Wednesday, October 7, 2020

Supreme Court inclined to affirm Federal Circuit's copyrightability holding in Oracle v. Google, possibly unanimously--fair use may be remanded

Judge William H. Alsup of the United States District Court for the Northern District of California may go down in history as the only U.S. judge ever to have found that code related to application programming interfaces (APIs) is not copyrightable only because it's related to APIs. Or one of only two judges, should Associate Justice Sonia Sotomayor dissent from what otherwise looks like a unanimous affirmance of the Federal Circuit's copyrightability holding. But even Justice Sotomayor is at best having second thoughts and far from being totally in the tank for Google on this part.

The points that Google's attorney, Thomas Goldstein, made on the copyrightability part were simply ridiculous (he's a fantastic lawyer--the problem is that Google has no non-copyrightability case), and in the first part, every one of the Justices asked questions that suggested a strong inclination to side with Oracle on this part.

There was pretty much a consensus that copyrightability is determined based on the situation when something is written, so the merger and method-of-operation exceptions don't apply if they're basically used as a defense to subsequent infringement (which is where fair use comes into play, but irrelevant to copyrightability). Therefore, Google has no path to victory on copyrightability. Game over in that regard.

I've been saying for about ten years--and this case just celebrated its tenth anniversary in August--that regardless of the Merger Doctrine or any other theory, API declaring code is simply code. The Supreme Court of the United States made it clear today, and will do so in writing. I already considered this outcome quite likely when I looked at a procedural order three months ago.

Words cannot express how much I look forward to the SCOTUS opinion after all of this time and absolutely unjustified attacks. Certain morons will get their comeuppance. But, to be very clear, there are some people who sided with Google on this question whom I respect a great deal. Those people know, or they can figure based on how respectfully I've interacted with them at all times, and because they didn't disparage me regardless of our disagreement on API copyrightability. By "morons" I only meant the unreasonable ones who blamed me in unacceptable ways against the backdrop of what was simply a massive legal error on the district judge's part.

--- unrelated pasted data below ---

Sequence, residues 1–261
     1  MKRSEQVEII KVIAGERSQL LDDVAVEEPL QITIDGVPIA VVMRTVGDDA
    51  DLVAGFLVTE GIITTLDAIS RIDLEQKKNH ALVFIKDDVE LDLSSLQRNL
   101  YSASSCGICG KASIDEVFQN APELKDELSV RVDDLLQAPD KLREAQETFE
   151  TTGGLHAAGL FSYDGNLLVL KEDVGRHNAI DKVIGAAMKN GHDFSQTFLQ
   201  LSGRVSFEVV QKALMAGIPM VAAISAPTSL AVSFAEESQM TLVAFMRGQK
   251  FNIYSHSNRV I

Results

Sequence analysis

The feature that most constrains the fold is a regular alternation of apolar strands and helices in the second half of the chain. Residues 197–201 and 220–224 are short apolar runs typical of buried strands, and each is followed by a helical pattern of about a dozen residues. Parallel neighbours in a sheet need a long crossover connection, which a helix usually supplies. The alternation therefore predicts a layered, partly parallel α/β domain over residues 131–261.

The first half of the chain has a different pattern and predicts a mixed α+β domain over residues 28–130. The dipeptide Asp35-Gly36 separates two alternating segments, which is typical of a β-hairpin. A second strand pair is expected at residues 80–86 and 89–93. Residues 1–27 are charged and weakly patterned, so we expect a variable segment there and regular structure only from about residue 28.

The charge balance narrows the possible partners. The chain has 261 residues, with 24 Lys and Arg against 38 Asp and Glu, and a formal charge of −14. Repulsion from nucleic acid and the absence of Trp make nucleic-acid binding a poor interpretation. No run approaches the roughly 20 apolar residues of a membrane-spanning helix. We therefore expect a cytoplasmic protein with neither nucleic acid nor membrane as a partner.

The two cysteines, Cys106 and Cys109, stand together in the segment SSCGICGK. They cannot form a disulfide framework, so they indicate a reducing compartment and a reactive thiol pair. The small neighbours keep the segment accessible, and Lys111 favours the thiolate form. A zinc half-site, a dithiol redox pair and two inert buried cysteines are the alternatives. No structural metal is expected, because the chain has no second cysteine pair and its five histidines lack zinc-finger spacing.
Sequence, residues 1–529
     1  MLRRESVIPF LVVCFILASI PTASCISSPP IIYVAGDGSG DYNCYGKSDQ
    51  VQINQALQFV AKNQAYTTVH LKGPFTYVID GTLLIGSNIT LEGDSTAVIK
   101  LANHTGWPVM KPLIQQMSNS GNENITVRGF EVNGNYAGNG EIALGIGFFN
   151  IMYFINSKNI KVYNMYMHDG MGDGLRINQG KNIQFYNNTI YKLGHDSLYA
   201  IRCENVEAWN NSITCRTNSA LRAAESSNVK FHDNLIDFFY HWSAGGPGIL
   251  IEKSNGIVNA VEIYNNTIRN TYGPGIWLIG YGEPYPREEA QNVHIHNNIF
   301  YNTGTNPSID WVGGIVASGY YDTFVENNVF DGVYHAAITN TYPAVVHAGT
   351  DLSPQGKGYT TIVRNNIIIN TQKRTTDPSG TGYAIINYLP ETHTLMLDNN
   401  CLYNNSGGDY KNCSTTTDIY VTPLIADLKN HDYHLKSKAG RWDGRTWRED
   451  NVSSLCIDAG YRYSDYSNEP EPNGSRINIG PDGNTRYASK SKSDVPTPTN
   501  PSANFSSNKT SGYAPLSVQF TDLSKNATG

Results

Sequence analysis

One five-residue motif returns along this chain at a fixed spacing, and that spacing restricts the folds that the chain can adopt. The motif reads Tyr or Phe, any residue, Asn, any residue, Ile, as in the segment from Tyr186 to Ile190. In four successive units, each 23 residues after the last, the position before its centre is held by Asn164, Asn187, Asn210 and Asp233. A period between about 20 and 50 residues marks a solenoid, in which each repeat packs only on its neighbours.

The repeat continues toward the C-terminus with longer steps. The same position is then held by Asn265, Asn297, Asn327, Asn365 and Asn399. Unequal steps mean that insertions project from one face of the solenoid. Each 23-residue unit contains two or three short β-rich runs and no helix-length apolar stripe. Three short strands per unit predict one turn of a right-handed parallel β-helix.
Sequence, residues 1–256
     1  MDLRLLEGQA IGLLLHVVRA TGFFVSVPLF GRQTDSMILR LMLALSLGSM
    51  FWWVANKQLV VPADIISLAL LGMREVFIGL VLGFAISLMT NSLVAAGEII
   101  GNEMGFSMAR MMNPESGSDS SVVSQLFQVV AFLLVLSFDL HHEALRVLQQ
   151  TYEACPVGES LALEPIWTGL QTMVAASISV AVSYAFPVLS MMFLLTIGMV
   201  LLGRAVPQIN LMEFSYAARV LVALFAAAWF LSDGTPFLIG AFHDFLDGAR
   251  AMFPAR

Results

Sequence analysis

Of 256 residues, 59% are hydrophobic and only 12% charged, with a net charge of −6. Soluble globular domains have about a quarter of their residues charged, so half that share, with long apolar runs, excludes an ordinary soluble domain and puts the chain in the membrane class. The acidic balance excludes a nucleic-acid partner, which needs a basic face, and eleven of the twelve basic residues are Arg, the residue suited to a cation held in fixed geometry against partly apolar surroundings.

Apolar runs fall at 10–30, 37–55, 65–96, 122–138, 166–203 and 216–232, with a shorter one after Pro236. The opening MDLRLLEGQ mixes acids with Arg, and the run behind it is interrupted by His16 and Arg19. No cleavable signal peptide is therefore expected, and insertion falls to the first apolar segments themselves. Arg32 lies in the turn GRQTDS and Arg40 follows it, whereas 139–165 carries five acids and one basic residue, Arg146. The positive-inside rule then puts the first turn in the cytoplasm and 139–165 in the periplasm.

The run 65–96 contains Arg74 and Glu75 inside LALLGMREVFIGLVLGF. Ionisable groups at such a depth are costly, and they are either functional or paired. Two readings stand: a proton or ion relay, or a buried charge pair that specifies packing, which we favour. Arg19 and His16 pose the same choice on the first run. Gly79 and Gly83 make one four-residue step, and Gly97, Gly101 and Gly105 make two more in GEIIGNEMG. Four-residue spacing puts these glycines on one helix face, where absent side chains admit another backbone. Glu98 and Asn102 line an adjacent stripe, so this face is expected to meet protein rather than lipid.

Now, with respect to fair use, the problem is the standard of review because the "fair use" finding was a jury verdict.

Orrick's Joshua Rosenkranz argued that the Federal Circuit applied the "no reasonable jury could have found otherwise" standard, but that the correct standard would be de novo for the legal conclusions that a fair use determination involves.

My feeling is that the Supreme Court may find that the more deferential substantial evidence standard needs to be applied, and that in this case a majority of the justices may very well remand the case to the Federal Circuit. It's also possible that Oracle wins affirmance on "fair use" (especially since a split 4-4 decision would be sufficient for affirmance), but I doubt it. There appears to be some concern among the justices that with all the support Google got from amici curiae warning against the consequences of affirmance they somehow feel they shouldn't decide against what Google managed to present as industry practice and expectation.

Assuming that there is a remand of the "fair use" part, which I consider more likely than the other way round (though nowhere near as certain as affirmance of the copyrightability holding), the Federal Circuit would not be too likely to overrule the jury again. But it would then pick up where it left off last time, and Oracle had strong arguments (that also appeared to get traction with the appeals court) for a retrial. Judge Alsup made some pretrial decisions that unfairly disadvantaged Oracle.

I think is a clear case of unfair use, but I'm like ten times more interested in the copyrightability part, and so happy that this one is going to be clarified for good. I was the only one to openly welcome Google's petition for writ of certiorari despite hoping for affirmance. That's because I'm all about the issues, not about the parties. I wanted the copyrightability part to be resolved for good, and on a nationwide basis. A Federal Circuit decision applying Ninth Circuit law would have been of only limited value--it wouldn't have been binding on anyone, not even on the Federal Circuit itself. The highest court in the land is going to provide definitive clarification that API code is not going to be treated differently from a copyrightability point of view than other program code. It's about original creativity, stupid.

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